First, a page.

Morgan Library – Passion of the Richest American

In 2006, after three years of repairs, New York’s famous Morgan Library reopened, which houses a number of rare books, as well as manuscripts, sculptures, musical notations, paintings and drawings by old masters. You can find it in the Murray Hill neighborhood in Manhattan, USA.

The Murray Hill neighborhood was named after Robert and Mary Murray. They considered themselves Quakers, i.e. members of a certain religious society that rejected ceremonies and traditional dogmatic theology. In colonial times, they owned vast tracts of land in the area of today’s bustling Midtown. Today, only side streets lined with avenues of trees remind us of calmer times. Some of the wealthiest and most socially prominent residents of the city lived in these streets. Among them was the New York banker, financier and art patron John Pierpont Morgan, who lived from 1837 to 1913.

According to, Morgan was one of the richest men in America and possibly the world, his fortune reaching 1.39 billion US dollars. Perhaps this is also due to the fact that his money-making system was not controlled in any way at the time. In addition, he was also an active collector of gems from the period known as the “Gilded Age”, or “Gilded Age” in Czech. Although Morgan’s contemporaries were not very unanimous in their opinion of his erudition, his Morgan Library (originally called the Pierpont Morgan Library) is considered to contain one of the most important collections in the world. As its first director jokingly noted, it contained almost everything except the original version of the Ten Commandments.

When you step inside, you’ll feel like you’re in a marble palace. Artistic and literary treasures will be displayed all around you. Morgan first started collecting only books and manuscripts, among which was the “Mainz Psalter” book of psalms from 1465. Later, his interest expanded to include sculptures, Renaissance paintings, paintings by old masters such as Michelangelo and Rembrandt, and other artistic treasures. Before long, his collection had grown to such a size that it no longer fit in his home, so he commissioned architect Charles McKim to build a one-story neoclassical building to house his treasures. She was supposed to grow up on East 36th Street, and so it did.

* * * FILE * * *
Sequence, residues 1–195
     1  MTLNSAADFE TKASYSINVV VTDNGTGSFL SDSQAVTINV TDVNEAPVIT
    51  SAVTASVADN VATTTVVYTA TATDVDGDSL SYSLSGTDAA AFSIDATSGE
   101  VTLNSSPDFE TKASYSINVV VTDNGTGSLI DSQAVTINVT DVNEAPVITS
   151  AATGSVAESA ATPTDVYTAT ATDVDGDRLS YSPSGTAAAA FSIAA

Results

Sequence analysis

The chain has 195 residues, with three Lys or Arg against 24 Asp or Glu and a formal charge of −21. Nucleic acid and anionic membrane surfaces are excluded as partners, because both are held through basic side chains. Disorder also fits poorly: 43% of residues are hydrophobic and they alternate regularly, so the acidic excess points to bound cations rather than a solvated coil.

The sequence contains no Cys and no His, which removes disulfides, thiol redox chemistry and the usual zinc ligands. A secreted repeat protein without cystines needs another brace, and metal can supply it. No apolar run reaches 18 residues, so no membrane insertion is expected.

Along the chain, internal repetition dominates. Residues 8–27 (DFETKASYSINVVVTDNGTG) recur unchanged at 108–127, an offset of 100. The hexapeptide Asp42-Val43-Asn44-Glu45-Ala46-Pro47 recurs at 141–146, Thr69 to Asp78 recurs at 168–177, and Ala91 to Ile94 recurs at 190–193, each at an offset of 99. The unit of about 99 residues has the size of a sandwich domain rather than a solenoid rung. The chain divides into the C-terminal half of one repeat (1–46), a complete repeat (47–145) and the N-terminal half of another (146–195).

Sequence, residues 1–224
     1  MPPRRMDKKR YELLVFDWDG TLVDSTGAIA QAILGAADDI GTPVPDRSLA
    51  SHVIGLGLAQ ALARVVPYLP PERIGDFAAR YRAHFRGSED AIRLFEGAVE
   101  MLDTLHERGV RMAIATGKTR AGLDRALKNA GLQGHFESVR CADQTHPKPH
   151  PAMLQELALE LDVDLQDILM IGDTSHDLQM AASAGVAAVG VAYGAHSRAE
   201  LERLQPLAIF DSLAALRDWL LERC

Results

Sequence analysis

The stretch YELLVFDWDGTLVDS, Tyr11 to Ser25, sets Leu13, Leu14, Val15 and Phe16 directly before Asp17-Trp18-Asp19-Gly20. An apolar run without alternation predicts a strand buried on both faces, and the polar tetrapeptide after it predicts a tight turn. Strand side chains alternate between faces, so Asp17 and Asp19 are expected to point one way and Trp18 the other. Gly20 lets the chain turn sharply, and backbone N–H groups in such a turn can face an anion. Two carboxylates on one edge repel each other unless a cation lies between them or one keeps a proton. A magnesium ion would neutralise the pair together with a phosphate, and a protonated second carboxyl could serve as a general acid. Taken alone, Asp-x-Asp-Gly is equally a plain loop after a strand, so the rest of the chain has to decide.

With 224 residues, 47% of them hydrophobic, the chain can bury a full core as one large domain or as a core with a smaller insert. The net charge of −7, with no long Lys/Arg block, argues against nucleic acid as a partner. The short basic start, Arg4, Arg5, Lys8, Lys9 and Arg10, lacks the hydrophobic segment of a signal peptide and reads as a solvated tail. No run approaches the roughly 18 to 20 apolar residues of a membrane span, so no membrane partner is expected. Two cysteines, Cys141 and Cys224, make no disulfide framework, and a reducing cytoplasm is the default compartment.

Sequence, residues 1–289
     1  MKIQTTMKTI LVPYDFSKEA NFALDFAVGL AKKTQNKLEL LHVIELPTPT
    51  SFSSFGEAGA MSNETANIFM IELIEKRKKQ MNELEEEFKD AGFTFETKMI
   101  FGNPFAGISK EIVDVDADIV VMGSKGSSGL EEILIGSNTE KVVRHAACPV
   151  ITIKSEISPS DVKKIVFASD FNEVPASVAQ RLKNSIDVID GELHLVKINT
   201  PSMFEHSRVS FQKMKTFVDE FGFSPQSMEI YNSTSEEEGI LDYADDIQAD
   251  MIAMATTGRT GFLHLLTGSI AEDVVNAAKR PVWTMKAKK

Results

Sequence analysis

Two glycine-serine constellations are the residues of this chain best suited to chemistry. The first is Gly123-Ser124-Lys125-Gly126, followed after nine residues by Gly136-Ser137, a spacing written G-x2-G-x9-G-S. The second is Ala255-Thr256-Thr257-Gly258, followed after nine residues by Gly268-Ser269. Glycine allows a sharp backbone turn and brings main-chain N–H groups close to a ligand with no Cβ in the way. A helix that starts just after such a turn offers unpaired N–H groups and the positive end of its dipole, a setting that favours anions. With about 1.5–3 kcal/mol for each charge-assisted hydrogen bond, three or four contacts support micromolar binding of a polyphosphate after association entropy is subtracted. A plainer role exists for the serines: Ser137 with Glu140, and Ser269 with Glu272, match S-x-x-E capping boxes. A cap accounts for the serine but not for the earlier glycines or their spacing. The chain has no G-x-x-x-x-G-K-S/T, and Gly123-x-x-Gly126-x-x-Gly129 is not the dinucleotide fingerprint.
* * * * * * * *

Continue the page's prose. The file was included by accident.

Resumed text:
According to tradition, the library was built from blocks of marble fitted together without using the slightest amount of mortar. Exterior decoration was provided by Adolph A. Weinman, who created sculptures depicting art and other disciplines. Sculptor Edward Clarke Potter’s lions stand proudly at the entrance to the library. He later created similar lions for the New York Public Library. The interior of Morgan’s library originally consisted of a rotunda at the entrance, an East Room lined with books, a North Room serving as an office, and Morgan’s study called the West Room.

The library was only opened to the public in 1924, 11 years after Morgan’s death. Morgan’s son Jack performed the grand opening. Morgan’s house at the intersection of 36th Street and Madison Avenue was demolished four years later and replaced by an addition that became the entrance to the library. A painting by Hans Memling called “Portrait of a Man with a Pink” is on display in the West Room today. It dates from 1475 and is probably the most famous canvas in the entire local collection. The magnificent East Room, in turn, houses one of Gutenberg’s three Bibles. The Bible is kept in a room with a magnificent vaulted ceiling, a stone fireplace and is flanked by a three-level library accessed by footbridges. A selection of hundreds of works from the 14th to the 20th century can be viewed in the Munich Pinakothek in the premises of the State Graphic Collection. Among other works by Michelangelo Buonarroti, Francisco de Goya,

Today, the Morgan Library’s collection includes about 12,000 drawings, musical and literary manuscripts, paintings and sculptures, according to director William M. Griswold, and is constantly expanding with new purchases. In 1992, one important historical document, the Emancipation Proclamation signed by President Lincoln, was added to the collection. In 1998, the Carter Burden Collection of American literature, which consists of more than 80,000 volumes. These are dated from 1870 and their price is estimated at eight to ten million dollars. In 1988, the library bought the then house of Morgan’s son, the so-called Morgan House with 45 rooms. The building has been converted into an educational center and bookstore, which is connected to the Morgan Library by a courtyard with a garden.

The surroundings of the library are also worth exploring in more detail. You can see the luxurious Morgans Hotel or the De Lamar Mansion from 1905, which was built for a Dutch businessman. Also beautiful is the 1864 Church of the Incarnation, whose rectory features stained glass windows by William Morris, Louis Comfort Tiffany and John La Fargo. The sculpture of Daniel Chester French and August Saint-Gaudens also catches the eye.

Towards the east, you will find several millionaire residences, such as the house from 1911 with plastic friezes, which today houses the Guatemalan consulate, or the house where the Advertising Club was active. Between Lexington Avenue and Third Avenue lies New York’s smallest historic district, the so-called Sniffen Court. It houses interestingly designed houses that were created by rebuilding former stables and which are supplemented by ten brick shelters for carriages dating from the mid-19th century.

Morgan Library